Forum for Science, Industry and Business

Sponsored by:     3M 
Search our Site:

 

Plant with 'eggbeater' testure inspires waterproof coating

11.11.2011
A floating weed that clogs waterways around the world has at least one redeeming feature: It’s inspired a high-tech waterproof coating intended for boats and submarines.

The Brazilian fern Salvinia molesta has proliferated around the Americas and Australia in part because its surface is dotted with oddly shaped hairs that trap air, reduce friction, and help the plant stay afloat.

In the November 1 issue of the Journal of Colloid and Interface Science, Ohio State University engineers describe how they recreated the texture, which resembles a carpet of tiny eggbeater-shaped fibers. The plastic coating they created in the laboratory is soft and plush, like a microscopic shag carpet.

In nature, air pockets trapped at the base of Salvinia’s hairs reduce friction in the water and help the plant float, while a sticky region at the tips of the eggbeaters clings lightly to the water, providing stability.

It’s the combination of slippery and sticky surfaces that makes the texture so special, said Bharat Bhushan, Ohio Eminent Scholar and the Howard D. Winbigler Professor of mechanical engineering at Ohio State.

“The Salvinia leaf is an amazing hybrid structure. The sides of the hairs are hydrophobic – in nature, they’re covered with wax – which prevents water from touching the leaves and traps air beneath the eggbeater shape at the top. The trapped air gives the plant buoyancy,” he said.

“But the tops of the hairs are hydrophilic. They stick to the water just a tiny bit, which keeps the plant stable on the water surface.”

In tests, the coating performed just as the Salvinia hairs do in nature. The bases of the hairs were slippery, while the tips of the hairs were sticky. Water droplets did not penetrate between the hairs, but instead clung to the tops of the eggbeater structures – even when the coating sample was turned on its side to a 90-degree vertical.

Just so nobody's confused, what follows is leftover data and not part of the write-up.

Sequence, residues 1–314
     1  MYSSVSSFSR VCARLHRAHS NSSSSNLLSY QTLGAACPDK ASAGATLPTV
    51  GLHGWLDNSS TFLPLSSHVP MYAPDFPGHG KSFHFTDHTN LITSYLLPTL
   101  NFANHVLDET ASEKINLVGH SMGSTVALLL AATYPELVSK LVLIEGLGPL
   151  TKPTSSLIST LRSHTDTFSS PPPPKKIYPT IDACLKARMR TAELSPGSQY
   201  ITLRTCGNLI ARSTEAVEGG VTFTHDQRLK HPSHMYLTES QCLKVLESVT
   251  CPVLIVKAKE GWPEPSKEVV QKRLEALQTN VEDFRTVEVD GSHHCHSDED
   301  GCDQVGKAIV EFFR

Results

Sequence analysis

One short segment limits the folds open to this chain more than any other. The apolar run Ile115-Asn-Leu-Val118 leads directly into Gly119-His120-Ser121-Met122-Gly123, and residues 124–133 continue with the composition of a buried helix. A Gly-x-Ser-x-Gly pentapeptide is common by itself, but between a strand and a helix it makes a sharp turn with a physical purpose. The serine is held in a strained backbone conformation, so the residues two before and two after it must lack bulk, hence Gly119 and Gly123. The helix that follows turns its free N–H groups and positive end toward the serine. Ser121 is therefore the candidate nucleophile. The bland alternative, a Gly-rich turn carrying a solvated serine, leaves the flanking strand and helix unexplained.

With commercial development, the coating could reduce drag and boost buoyancy and stability on boats and submarines, Bhushan said.

Bhushan and master’s student Jams Hunt compared the stickiness of their plastic coating to the stickiness of the natural Salvinia leaf using an atomic force microscope. The two surfaces performed nearly identically, with the plastic coating generating an adhesive force of 201 nanoNewtons (billionths of a Newton) and the leaf generating 207 nanoNewtons.

That’s a very tiny force compared to familiar adhesives such as transparent tape or even masking tape. But the adhesion is similar to that of another natural surface studied by Bhushan and other researchers: gecko feet.

“I’ve studied the gecko feet, which are sticky, and the lotus leaf, which is slippery,” Bhushan said. “Salvinia combines aspects of both.”

Bhushan develops biomimetic structures – artificial structures created in the lab to mimic structures found in nature. The gecko feet inspired him to investigate a repositionable, “smart” adhesive, and the lotus leaf inspired the notion of glass that repels water and dirt.

He came to study Salvinia through a colleague in the university’s Biological Sciences Greenhouse, who provided samples of the plant for the study.

Salvinia molesta, also known as giant salvinia, is native to Brazil, and is a popular plant for home aquariums and decorative ponds around the world. It needs no dirt, but lives solely in the water – even moving water such as rivers and lakes.

At some point, the hearty plant escaped from people’s homes into the wild. Now it has proliferated into commercial waterways in North America, South America, and Australia, where it has become an invasive species.

While the plant is a nuisance to ships today, it could ultimately provide a benefit if a commercial coating based on its texture became available. Bhushan has no plans to commercialize it himself, though.

“With this study, we’ve gotten deep insight into a very simple concept [how the Salvinia leaf works]. That’s where the fun is,” he said. “Besides, I’ve already moved on to studying shark skin.”